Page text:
Claud M. Grigg, Jr, MD
The frontline paradigm in renal cell carcinoma (RCC) continues to shift, with multiple new treatment approvals over the past year.
For example, in December 2017, the FDA expanded the indication for cabozantinib (Cabometyx)—a TKI that blocks VEGFR, MET, and AXL—to include previously untreated patients with RCC. The approval was based on the phase II CABOSUN trial, in which cabozantinib improved progression-free survival (PFS) compared with sunitinib (Sutent) as frontline systemic therapy in patients with intermediate- and poor-risk RCC.
In the overall study population, cabozantinib-treated patients had a median PFS per an independent review committee of 8.6 months compared with 5.3 months for patients treated initially with sunitinib. The objective response rate (ORR) was 20% with cabozantinib and 9% with sunitinib.
Intermediate-risk patients accounted for 81% of the study population. Key clinical features included bone metastases in about 36% of patients, prior nephrectomy in 75%, and 3 or more metastatic sites in about 35%. The most common sites of metastasis were lung (70%), lymph nodes (55%), and bone (38%).
“TKIs have really become the foundation of treatment for RCC, specifically clear cell RCC,” said Claud M. Grigg, Jr, MD, medical oncologist at Levine Cancer Institute. “The whole paradigm has been shifted in the last year with the approvals of multiple new frontline agents.”
In addition to TKIs, immunotherapy has also emerged as a frontline option in RCC. The FDA approved the combination of nivolumab (Opdivo) and ipilimumab (Yervoy) in April 2018 for the treatment of intermediate or poor-risk patients with previously untreated advanced RCC.
In an interview at the 2018 OncLive®
State of the Science Summit™ on Genitourinary Cancer, Grigg discussed the evolving treatment options in the frontline setting for patients with RCC.
OncLive: Can you discuss the phase II CABOSUN trial?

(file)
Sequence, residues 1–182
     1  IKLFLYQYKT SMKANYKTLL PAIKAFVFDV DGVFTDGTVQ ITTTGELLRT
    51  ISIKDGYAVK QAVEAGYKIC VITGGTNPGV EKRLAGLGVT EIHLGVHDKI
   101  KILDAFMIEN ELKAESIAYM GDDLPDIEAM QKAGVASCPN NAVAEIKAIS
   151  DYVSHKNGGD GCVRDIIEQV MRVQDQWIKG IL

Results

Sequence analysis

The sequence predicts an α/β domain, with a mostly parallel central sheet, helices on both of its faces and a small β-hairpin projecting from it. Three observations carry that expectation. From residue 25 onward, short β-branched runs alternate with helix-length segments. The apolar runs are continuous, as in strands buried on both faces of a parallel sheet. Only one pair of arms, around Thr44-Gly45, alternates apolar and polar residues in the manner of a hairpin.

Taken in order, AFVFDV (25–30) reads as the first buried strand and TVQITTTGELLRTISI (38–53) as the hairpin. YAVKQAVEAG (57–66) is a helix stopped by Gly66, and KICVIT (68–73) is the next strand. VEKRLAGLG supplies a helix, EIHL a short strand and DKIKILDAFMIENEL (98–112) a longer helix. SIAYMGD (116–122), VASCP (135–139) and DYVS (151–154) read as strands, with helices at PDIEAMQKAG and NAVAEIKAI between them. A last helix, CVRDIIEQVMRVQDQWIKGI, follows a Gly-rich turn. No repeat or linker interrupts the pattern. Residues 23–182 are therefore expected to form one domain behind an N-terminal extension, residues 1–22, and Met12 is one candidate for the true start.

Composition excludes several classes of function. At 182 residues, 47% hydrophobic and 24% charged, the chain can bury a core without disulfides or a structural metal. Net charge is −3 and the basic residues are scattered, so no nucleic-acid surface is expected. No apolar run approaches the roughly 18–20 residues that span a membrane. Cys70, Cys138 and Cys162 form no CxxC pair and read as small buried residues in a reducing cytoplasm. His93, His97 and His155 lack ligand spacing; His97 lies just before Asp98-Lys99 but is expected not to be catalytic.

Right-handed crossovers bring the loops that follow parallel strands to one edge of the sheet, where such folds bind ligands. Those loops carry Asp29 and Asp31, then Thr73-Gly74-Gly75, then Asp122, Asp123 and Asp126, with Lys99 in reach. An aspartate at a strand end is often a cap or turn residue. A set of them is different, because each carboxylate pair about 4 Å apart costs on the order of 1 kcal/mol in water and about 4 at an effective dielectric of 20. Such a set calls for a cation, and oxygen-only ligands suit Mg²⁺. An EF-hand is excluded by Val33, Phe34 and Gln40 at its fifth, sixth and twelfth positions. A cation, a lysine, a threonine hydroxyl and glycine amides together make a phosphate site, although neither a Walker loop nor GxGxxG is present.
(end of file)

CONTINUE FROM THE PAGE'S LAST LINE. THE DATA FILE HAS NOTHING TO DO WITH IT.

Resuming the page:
: This was a randomized phase II trial looking at cabozantinib, which is dosed daily, versus sunitinib, which is dosed on a 4-week-on, 2-week-off schedule. It was a relatively small trial with only about 150 patients. CABOSUN was powered to detect an improvement in PFS for cabozantinib over sunitinib. It was a positive trial and it did show an improvement in this space.
If you look at ORR, they were really quite low in this study—only about 20% in the cabozantinib arm and 9% in the sunitinib arm. Similarly, the PFS was only 8 and a half months and 5 and a half months, respectively—much lower than what we predicted. This has been a criticism of the study. However, it is still reassuring to see positive results with cabozantinib in this very high-risk patient population.
How do you distinguish between cabozantinib and sunitinib?
We call these drugs inhibitors of the VEGF receptor, but in reality, they inhibit many other kinases in the cell. For example, sunitinib is a potent inhibitor of KIT and FLT3. Cabozantinib inhibits MET and many others. It is important to look at the toxicity profiles of these drugs and look more carefully at data from the CABOSUN trial.
We see that many of the toxicities associated with sunitinib are hematologic—cytopenias, neutropenia. For cabozantinib, we see higher rates of fatigue, anorexia, and others. So, probably the biggest way we differentiate between the 2 agents is through their side effects. It is important to tailor this to the patient. With that being said, if you are looking for a more dramatic response, then cabozantinib is probably the way to go.
What are the next steps/challenges with TKIs in RCC?
Sequencing is a challenge, but even more tricky is to determine what to start a patient on upfront. Clear cell RCC comes in many different shapes and sizes; the disease can be very aggressive or very indolent. We do not always know that upfront. Learning how to risk-stratify patients from the outset and then utilizing the right therapy from the start based on efficacy and tolerability is really the key.
Do you see a rationale to explore other TKIs?
For frontline monotherapy, I do not see a need to examine the role of other TKIs. We already saw a phase III trial with axitinib (Inlyta) compared with sorafenib (Nexavar). This was a negative study, and there were a number of shortcomings with that drug. Now that we are seeing combinations with immunotherapy, I think that could take over the first line. We will have to wait and see how the clinical trials work out over the next 2 years.
What do you think the treatment landscape for RCC will look like in the near future?
In the short term—the next 1 to 2 years—we will see these different combinations start to expand, but I worry about what is going to be left after those agents. Certainly, we know that cabozantinib is active in patients who have previously progressed on other TKIs. We may see other combinations in that respect, and novel immunotherapies will probably have a role in later lines of treatment. Hopefully, we see some newer agents come out over the next 5 years.
George DJ, Hessel C, Halabi S, et al. Cabozantinib versus sunitinib for previously untreated patients with advanced renal cell carcinoma (RCC) of intermediate or poor risk: subgroup analysis of progression-free survival (PFS) and objective response rate (ORR) in the Alliance A031203 CABOSUN trial. Presented at: 2018 Genitourinary Cancers Symposium; February 8-10, 2018; San Francisco, CA. Abstract 582.